The impacts of factory farming on our health are serious and shocking
From superbugs and new diseases, to poor diets and toxic pollution, intensive agriculture causes untold damage to people and communities. Meat consumption is rising rapidly worldwide, bringing increasing dangers with it. That’s why we’re sounding the alarm, and calling for urgent action.
Factory farms drive the growth of superbugs that cause life-threatening infections which can’t be treated with antibiotics. Animals are kept in cramped, filthy conditions and dosed up with antibiotics to prevent and treat illness, and speed growth.
Incredibly, up to 75% of the world’s antibiotics are used in factory farms. But if these vital drugs are overused, deadly strains of disease can mutate to resist their effects.
Antibiotic-resistant infections kill 1.27 million people each year, and rising. But the solution is simple: by banning the routine use of antibiotics in factory farms, we could massively reduce the risk of deadly new superbugs emerging.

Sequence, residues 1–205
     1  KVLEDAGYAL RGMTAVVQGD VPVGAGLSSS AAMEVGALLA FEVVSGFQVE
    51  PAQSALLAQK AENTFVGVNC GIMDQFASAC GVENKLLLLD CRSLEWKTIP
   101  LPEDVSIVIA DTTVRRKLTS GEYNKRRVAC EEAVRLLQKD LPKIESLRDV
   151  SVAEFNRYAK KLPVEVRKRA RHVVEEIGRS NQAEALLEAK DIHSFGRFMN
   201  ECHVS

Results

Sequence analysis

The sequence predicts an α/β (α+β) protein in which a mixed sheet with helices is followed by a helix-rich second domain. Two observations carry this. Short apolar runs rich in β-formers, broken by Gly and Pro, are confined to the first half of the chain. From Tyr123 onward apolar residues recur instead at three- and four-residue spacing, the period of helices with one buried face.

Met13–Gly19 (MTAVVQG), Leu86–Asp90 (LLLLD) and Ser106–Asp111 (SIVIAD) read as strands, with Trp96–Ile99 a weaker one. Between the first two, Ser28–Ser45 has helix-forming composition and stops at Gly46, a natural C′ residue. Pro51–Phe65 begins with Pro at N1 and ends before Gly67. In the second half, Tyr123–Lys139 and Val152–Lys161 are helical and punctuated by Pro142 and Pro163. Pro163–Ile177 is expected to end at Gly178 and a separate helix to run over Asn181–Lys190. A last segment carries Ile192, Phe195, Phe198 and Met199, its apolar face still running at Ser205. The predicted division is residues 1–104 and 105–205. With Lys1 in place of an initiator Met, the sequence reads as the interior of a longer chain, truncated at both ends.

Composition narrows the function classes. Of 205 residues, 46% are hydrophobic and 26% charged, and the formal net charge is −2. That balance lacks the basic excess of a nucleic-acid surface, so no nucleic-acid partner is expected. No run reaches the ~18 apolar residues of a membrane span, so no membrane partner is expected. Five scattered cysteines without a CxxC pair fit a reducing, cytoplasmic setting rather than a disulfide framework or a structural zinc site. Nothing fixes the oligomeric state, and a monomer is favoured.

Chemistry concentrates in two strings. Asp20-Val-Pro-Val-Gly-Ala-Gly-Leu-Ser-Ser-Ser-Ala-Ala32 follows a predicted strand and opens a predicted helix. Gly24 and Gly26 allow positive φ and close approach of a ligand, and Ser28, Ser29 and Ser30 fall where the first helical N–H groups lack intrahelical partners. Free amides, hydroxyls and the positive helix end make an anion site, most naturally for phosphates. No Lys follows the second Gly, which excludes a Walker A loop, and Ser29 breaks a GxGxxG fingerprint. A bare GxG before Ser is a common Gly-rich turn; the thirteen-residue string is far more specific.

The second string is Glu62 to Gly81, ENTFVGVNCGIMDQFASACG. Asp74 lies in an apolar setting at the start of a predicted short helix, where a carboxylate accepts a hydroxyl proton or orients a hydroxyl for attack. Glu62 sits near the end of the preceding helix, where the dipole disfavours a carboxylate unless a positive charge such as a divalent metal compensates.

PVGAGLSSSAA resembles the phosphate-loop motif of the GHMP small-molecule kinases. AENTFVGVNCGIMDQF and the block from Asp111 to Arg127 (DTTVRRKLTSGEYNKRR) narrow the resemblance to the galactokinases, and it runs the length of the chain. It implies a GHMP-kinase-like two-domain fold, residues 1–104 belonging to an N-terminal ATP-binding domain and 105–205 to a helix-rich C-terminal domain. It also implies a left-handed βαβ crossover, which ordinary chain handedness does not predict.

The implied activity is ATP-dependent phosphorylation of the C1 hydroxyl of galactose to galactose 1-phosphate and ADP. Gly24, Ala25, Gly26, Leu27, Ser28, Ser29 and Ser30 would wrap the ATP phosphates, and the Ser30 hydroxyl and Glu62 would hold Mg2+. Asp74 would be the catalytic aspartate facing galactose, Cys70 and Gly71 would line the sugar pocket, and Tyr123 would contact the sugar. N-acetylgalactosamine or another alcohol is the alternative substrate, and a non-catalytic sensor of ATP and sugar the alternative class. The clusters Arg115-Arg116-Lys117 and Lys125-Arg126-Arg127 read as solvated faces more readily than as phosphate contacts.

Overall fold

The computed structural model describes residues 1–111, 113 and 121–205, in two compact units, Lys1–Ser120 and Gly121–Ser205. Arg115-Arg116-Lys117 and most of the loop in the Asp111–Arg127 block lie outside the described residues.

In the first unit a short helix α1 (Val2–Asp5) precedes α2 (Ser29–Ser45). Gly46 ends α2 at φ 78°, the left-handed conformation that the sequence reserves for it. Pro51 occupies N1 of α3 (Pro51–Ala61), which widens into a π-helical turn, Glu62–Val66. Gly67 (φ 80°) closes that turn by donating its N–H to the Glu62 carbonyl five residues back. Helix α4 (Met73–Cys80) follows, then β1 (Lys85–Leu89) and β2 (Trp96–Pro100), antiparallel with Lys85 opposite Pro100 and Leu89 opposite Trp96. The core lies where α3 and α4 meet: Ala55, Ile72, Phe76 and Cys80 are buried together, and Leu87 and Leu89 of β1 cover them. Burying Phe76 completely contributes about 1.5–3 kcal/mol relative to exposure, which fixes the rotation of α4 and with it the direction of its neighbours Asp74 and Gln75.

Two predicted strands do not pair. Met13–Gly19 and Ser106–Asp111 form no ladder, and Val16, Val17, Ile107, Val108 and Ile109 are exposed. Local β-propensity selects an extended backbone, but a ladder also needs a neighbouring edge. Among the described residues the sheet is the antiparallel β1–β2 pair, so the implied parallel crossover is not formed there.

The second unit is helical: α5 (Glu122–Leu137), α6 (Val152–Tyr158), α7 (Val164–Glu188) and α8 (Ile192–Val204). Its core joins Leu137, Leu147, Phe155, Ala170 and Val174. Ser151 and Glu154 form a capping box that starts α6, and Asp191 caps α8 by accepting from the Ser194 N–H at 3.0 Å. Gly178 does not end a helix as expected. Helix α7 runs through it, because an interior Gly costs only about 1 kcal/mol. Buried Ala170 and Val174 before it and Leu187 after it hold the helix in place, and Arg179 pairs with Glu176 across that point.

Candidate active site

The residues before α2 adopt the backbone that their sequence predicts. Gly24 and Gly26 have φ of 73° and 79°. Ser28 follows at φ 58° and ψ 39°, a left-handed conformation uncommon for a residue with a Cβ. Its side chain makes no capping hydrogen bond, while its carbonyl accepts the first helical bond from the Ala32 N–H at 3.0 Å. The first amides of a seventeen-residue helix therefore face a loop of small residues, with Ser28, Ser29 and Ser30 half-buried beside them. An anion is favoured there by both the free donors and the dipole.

Our government could make that happen, but it’ll take thousands of us calling for action.
Factory farms could be breeding grounds for the next pandemic. The cramped, dirty, stressful conditions in factory farms are the perfect incubators for new viruses. When these viruses jump to humans they’re known as ‘zoonotic diseases’, and they can cause serious illnesses we don’t know how to contain or treat. Shockingly, the UN has found that more than half of all new illnesses in people since 1940 came from intensive farming.
Diet and nutrition
The vast quantity of cheap meat produced by factory farms is driving up rates of obesity and chronic illness.
Studies have shown that intensively reared meat tends to contain more fat and lower levels of important nutrients than higher welfare products. It’s also used in low cost processed foods that are often laden with salt, sugar and additives.
At the same time, factory farming is replacing local, sustainable food production, undermining nutrition and worsening the risk of hunger for millions of people.Poor conditions in factory farms make them hotspots for parasites and bacteria. Globally, around 35% of all foodborne diseases are linked to meat, dairy or eggs.
Factory farms produce vast quantities of urine and manure, which pollute our air, rivers and soil.
We don’t yet know the full impact of this on people. But 400 harmful gases released by factory farm waste have been linked to higher rates of illness and breathing problems in people who live nearby. The fertilisers and pesticides used to grow animal feed can also disrupt our hormones, and are thought to cause a range of human health problems.